A partnership offers stakeholders an incredible amount of flexibility in terms of governance and ownership regulations. Although all the respective share percentages of stakeholders in a company must all add up to 100%, stakeholders have complete control and autonomy over the share allocation and corporate governance of these shares and the resulting profits or losses. Partnerships are very easy to set up and have low operational costs, so along with their flexible management structure they offer entrepreneurs a large amount of freedom in terms of their internal allocation of funds and responsibilities. 

A Limited Liability Company offers a more regulated business structure whereby stakeholders are required to appoint a registered agent who conducts business on behalf of the company. This agent is the only point of communication between government and the business and as well as an agent the company is required to have a valid business address in the state of business registration. The governing regulations for LLCs are more stringent than those of a partnership and they are required to meet more regulatory requirements. The exact reporting requirements for LLCs vary per state, but generally speaking, LLCs are required to submit an annual report detailing all of their financial gains and often will need to pay an accompanying fee. LLC’s on principle require a much more transparent approach to their corporate governance than Partnerships do.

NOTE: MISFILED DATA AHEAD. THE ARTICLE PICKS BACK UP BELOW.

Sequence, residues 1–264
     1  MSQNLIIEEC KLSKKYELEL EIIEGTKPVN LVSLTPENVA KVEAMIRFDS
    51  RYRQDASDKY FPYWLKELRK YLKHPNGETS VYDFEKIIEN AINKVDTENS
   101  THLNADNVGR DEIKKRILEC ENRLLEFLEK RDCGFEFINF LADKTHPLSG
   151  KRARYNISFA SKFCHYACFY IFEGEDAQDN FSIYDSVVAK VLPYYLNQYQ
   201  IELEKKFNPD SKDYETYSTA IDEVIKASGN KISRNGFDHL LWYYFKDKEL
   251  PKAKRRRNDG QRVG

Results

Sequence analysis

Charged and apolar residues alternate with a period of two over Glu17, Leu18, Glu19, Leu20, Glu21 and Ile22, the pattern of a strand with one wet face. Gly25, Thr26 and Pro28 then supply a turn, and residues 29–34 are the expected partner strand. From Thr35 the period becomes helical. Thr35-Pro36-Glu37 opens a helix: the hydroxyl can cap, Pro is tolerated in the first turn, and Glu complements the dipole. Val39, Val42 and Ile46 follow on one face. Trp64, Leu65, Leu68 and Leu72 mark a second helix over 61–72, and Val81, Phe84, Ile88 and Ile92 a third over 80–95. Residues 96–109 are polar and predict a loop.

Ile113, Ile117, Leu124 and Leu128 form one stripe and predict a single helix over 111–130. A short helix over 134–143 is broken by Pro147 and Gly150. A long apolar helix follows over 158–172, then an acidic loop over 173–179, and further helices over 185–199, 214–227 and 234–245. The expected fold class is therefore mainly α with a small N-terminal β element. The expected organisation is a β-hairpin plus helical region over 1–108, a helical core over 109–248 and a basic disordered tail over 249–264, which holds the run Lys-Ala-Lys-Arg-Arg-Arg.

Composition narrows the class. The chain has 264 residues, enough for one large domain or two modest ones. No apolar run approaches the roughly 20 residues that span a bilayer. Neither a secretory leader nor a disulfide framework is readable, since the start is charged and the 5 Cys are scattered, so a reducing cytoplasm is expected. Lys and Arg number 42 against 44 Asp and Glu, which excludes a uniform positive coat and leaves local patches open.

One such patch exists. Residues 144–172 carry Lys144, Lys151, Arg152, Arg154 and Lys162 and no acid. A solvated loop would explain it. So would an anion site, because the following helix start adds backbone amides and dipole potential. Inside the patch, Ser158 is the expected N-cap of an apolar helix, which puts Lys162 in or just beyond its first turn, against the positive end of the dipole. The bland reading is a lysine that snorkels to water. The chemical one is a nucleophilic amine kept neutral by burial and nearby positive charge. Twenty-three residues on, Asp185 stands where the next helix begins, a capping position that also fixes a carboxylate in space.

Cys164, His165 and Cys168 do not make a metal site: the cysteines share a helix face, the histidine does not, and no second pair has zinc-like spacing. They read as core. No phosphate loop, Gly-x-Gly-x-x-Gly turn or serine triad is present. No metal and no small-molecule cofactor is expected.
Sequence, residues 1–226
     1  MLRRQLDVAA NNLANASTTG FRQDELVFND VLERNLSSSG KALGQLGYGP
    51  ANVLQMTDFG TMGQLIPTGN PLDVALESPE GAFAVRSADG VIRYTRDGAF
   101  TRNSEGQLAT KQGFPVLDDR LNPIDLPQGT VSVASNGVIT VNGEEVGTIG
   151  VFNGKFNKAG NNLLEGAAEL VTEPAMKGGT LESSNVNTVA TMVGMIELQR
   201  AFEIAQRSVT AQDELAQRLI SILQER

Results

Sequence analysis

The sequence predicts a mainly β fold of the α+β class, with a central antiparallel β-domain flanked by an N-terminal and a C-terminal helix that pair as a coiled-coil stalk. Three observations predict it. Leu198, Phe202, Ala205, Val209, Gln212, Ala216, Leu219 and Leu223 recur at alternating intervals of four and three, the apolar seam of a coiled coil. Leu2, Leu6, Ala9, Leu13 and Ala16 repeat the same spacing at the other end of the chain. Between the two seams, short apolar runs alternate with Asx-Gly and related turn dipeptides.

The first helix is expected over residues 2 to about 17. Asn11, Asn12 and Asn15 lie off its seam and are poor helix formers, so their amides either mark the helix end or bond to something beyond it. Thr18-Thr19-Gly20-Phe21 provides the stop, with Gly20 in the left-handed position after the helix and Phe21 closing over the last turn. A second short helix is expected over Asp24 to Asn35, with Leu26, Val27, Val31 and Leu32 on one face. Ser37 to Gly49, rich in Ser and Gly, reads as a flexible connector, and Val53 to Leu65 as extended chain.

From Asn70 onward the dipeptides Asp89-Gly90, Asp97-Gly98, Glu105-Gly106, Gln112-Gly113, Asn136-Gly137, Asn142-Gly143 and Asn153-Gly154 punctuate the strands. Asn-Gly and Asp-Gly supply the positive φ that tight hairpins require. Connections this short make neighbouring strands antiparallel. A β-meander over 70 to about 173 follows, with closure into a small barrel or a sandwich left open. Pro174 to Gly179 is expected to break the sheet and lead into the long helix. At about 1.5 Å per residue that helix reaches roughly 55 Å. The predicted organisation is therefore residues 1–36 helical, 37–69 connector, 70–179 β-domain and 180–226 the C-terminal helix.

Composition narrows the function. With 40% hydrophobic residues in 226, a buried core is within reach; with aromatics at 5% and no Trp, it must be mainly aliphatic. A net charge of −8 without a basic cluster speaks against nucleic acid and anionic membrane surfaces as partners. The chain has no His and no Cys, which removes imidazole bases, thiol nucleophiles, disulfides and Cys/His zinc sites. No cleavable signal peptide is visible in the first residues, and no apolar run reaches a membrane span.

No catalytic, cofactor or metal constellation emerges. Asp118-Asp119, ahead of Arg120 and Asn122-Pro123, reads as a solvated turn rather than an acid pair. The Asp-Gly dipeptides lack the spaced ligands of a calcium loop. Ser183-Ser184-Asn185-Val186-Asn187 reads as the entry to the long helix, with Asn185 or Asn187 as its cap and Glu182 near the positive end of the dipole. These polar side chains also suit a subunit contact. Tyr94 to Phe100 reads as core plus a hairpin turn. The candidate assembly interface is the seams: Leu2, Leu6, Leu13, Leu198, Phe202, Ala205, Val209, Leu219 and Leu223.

Tax Implications